During the first quarter of 2002, the health, safety and environmental strategy for the site was reviewed and refreshed. A simple vision was developed for "a Grangemouth where health, safety and the environment is integral to every business decision, and owned deep in the organisation". Two key strategic themes were developed. Firstly, to put clear, user friendly and site wide systems into place. Secondly, to use those systems successfully through effective leadership, deep involvement, and openness. Some systems would be new, others would reflect simplification and integration of existing systems. All however would fit in a recognised framework, provide clear accountabilities and set out clear standards.
The organisational design established at the outset of the "Securing a Future" programme provided the basis for consistency across all business streams on-site, and addressed a key theme identified by the BP Task Force. The fundamental design concept established clearly defined ownership and accountability for specific aspects of the site’s business: individual plant operation and availability; Complex wide optimisation; and Complex wide functional support. The organisation was built around four Availability Teams: Monomers; Polymers; Forties Pipeline System and Infrastructure; and the Oil Refinery. The design reintroduced front line supervision, after a period of several years when self-directed teams had been established in areas of the site.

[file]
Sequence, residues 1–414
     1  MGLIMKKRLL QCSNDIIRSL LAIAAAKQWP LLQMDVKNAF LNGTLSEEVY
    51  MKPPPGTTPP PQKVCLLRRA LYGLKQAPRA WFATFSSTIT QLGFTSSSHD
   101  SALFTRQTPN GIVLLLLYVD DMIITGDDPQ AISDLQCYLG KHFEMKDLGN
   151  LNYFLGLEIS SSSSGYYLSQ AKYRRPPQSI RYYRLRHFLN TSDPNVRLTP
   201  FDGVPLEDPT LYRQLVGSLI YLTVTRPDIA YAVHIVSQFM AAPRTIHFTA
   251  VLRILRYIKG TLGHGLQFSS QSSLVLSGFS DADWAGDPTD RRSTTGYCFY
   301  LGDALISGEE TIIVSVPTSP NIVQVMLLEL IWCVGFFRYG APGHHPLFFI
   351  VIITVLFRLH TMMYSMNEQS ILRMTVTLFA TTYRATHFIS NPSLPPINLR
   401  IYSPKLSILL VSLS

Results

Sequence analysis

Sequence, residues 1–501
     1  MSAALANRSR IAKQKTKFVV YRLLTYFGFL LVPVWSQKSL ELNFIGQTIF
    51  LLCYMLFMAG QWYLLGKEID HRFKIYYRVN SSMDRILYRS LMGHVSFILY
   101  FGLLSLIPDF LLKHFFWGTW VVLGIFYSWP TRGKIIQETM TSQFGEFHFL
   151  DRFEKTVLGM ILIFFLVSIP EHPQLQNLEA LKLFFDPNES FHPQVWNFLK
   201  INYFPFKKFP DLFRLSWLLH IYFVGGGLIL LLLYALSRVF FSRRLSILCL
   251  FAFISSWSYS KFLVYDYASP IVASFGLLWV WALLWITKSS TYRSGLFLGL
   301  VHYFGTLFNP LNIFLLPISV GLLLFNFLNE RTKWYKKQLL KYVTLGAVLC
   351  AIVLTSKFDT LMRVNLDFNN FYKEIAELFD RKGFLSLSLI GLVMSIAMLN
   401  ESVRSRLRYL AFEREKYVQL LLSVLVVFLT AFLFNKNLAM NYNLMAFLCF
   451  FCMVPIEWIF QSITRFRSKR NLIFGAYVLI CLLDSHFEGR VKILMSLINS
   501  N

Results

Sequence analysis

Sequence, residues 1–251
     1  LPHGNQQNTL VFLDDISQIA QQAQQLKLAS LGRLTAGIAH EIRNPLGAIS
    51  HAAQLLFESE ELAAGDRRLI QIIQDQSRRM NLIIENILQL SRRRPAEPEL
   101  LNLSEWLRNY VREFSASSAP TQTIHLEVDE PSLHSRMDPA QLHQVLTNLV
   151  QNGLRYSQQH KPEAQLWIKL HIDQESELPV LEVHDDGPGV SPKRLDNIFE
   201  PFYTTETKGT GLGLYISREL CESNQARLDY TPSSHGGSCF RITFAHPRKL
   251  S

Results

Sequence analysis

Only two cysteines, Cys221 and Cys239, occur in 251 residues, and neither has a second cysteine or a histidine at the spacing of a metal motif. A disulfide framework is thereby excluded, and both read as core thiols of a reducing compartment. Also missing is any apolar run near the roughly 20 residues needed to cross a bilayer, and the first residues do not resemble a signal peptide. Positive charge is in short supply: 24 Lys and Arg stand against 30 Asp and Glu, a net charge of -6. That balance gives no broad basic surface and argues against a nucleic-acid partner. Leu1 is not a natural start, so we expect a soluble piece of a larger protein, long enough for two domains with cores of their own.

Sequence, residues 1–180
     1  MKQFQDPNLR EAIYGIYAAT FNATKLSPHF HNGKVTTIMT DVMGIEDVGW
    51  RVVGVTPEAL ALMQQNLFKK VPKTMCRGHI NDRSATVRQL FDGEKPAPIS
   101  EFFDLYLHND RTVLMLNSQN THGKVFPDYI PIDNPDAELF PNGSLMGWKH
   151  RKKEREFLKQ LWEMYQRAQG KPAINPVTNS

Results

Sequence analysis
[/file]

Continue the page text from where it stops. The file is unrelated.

Selection into the organisation against criteria including health, safety and environmental behaviours and technical competence, took place during December 2001 and January 2002. A rigorous management of change process was developed to ensure that the design was fully assessed for possible adverse impact on health, safety and environmental performance. The primary focus of this process was to address the safety critical aspects of the organisational change, including human factors. Integral to the management of change process was a simple competence assurance mechanism resulting in postholders in the new organisation having personal development plans delivered where necessary ahead of the individual taking up the new post.
Organisational networks have been established across key functions, which provide a vehicle for common standards of performance, continuous improvement and assurance.